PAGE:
• APACHE = acute physiology and chronic health evaluation system.

    • ARDS = acute respiratory distress syndrome.

    • CMV = conventional mechanical ventilation.

    • CXR = chest x-ray.

    • d = days.

    • ETT = endotracheal tube.

    • FiO2 = fraction of inspired oxygen.

    • ICU = intensive care unit.

    • PaO2 = arterial oxygen tension.

    • PEEP = positive end-expiratory pressure.

    • PFC = perfluorocarbon liquid.

    • PLV = partial liquid ventilation.

    • Ppc,we = pulmonary capillary wedge pressure.

    • s = seconds.

    • VFD = ventilator-free days.

MethodsProspective, multi-centre, randomized controlled trial
Done between December 1998 and December 2000
Participants

311 participants with ARDS from 56 centres in North America and Europe

Inclusion criteria:

  • Risk factor for ALI/ARDS;

  • Prior mechanical ventilation for 120 h or less;

  • Acute, bilateral infiltrates on chest radiograph; and

  • PaO2/FiO2 of 200 mm Hg or less with an FiO2 of 0.5 or greater and PEEP of 5 cm H2O or greater.

Exclusion criteria:

  • Age younger than 16 or older than 65 y;

  • Acute Physiology and Chronic Health Evaluation (APACHE) II score ≥ 30;

  • Longer than 48 h since meeting inclusion criteria;

  • Inability to obtain informed consent;

  • Significant nonpulmonary organ dysfunction as defined by the following:

    • Chronic renal failure requiring dialysis;

    • Acute liver disease with significant hepatocellular or cholestatic liver injury (acute hepatitis or acute cholestasis);

    • Severe chronic liver disease (bilirubin > 3 mg/dL and serum albumin > 3 g/dL); or

    • Haematological dysfunction, defined by a total polymorphonuclear leukocyte (PMN) count < 0 .5 × 103/mL.

  • Systolic blood pressure < 90 mm Hg, unresponsive to treatment with fluids and vasopressors;

  • Congestive heart failure, defined by a pulmonary arterial occlusion pressure >18 mm Hg or by clinical examination;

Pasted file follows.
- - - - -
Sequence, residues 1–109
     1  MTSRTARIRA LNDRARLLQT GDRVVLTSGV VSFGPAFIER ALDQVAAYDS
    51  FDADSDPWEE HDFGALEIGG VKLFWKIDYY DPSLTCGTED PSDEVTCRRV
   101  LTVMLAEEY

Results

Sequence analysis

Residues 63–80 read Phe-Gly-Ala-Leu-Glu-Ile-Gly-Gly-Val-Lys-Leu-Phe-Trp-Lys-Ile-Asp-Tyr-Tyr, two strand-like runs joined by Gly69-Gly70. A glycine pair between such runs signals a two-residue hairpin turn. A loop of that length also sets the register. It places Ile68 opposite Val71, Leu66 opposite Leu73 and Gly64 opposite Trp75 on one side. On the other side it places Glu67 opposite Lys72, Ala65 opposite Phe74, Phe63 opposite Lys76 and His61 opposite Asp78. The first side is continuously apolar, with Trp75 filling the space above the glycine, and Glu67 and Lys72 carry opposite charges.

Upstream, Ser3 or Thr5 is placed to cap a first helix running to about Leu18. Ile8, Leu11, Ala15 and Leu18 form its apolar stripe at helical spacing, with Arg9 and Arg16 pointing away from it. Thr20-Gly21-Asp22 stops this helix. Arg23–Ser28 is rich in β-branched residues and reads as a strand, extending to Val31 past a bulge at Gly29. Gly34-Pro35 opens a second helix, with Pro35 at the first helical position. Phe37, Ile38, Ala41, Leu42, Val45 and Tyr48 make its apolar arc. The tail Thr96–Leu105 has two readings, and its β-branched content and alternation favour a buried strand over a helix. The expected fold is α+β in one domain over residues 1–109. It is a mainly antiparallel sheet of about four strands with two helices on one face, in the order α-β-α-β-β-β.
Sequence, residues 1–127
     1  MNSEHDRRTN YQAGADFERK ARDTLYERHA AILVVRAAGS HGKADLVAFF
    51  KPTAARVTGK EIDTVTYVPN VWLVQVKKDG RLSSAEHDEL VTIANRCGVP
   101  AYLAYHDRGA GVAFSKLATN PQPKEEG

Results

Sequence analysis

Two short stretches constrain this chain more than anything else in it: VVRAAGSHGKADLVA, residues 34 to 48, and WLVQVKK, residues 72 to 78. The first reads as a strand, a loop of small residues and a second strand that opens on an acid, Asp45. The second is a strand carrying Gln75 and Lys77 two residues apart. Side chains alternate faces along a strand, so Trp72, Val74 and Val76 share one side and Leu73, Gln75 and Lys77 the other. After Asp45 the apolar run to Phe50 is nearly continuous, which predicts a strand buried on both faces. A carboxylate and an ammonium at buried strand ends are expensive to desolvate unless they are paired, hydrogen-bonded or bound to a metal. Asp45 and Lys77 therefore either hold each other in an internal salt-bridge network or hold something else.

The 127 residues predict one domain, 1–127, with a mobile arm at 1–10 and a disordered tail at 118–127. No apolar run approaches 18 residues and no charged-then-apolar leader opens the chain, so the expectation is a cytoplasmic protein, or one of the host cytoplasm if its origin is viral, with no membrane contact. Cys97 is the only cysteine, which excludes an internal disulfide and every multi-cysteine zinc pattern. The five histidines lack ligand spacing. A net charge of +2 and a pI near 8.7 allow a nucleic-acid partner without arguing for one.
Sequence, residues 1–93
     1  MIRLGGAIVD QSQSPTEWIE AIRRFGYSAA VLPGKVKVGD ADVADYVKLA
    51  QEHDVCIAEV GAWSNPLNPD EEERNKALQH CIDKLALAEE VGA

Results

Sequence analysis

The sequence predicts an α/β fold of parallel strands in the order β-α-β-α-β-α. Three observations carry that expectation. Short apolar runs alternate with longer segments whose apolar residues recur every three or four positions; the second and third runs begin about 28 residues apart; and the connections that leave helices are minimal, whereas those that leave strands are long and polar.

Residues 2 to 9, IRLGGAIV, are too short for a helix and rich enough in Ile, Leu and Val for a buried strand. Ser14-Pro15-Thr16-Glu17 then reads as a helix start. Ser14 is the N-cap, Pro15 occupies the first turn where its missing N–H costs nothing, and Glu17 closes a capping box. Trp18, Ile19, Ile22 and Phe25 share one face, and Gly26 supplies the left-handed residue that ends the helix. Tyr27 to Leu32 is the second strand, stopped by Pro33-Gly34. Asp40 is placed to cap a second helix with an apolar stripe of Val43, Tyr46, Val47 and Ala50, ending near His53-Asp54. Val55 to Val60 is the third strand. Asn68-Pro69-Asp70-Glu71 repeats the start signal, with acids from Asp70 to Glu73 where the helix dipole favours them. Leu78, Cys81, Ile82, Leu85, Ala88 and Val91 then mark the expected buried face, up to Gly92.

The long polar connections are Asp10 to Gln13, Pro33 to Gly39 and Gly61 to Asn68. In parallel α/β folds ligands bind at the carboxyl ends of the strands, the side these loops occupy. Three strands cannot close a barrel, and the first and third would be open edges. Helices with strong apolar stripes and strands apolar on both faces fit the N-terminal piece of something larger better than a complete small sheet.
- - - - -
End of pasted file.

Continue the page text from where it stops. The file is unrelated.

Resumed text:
• Clinical history of decompensated left ventricular dysfunction as indicated by New York Heart Association Class III or IV or left ventricular ejection fraction < 30%;

  • Documented myocardial infarction within the previous three months; or life-threatening arrhythmia during the present hospital admission;

  • Glasgow Coma Score < 10 determined before administration of confounding medications, such as narcotics, sedatives or neuromuscular blockers;

  • Active air leak from the lung into the pleural space in the 24 h before randomization (chest tube to pleura vac with water seal without leak and not requiring suction for a minimum of 24 h was allowed);

  • Evidence of increased intracranial pressure or history of an intracerebral haemorrhage within the previous three months;

  • Status asthmaticus or severe asthma currently under treatment with pharmacological doses of intravenous corticosteroids;

  • Chronic lung disease requiring long-term oxygen therapy or presenting with a baseline FEV1 < 700 mL;

  • Spinal cord injury above T-1;

  • Myasthenia gravis or Guillain-Barre´ syndrome or other neurological disorder that impairs the patient’s ability to breath spontaneously;

  • Organ transplantation (i.e. bone marrow, heart, lung, liver, kidney, pancreas);

  • Seizures refractory to anticonvulsant therapy;

  • Acute parenchymal lung injury secondary to suspected overdose of narcotics;

  • Burn injury (2nd or 3rd degree) with greater than 30% of total body surface area or with a restrictive chest injury;

  • Life expectancy of < 3 months for other than ALI/ARDS-associated complications;

  • Positive blood test for HIV with CD-4 count < 200;

  • Received chemotherapy within 30 d before enrolment;

  • Morbid obesity (more than twice ideal body weight);

  • Tracheostomy;

  • Vascular lung disease with alveolar haemorrhage or pulmonary hypertension;

  • Hypersensivity to perfluorocarbons;

  • Positive serum β-human chorionic gonadotropin (HCG) indicating pregnancy; and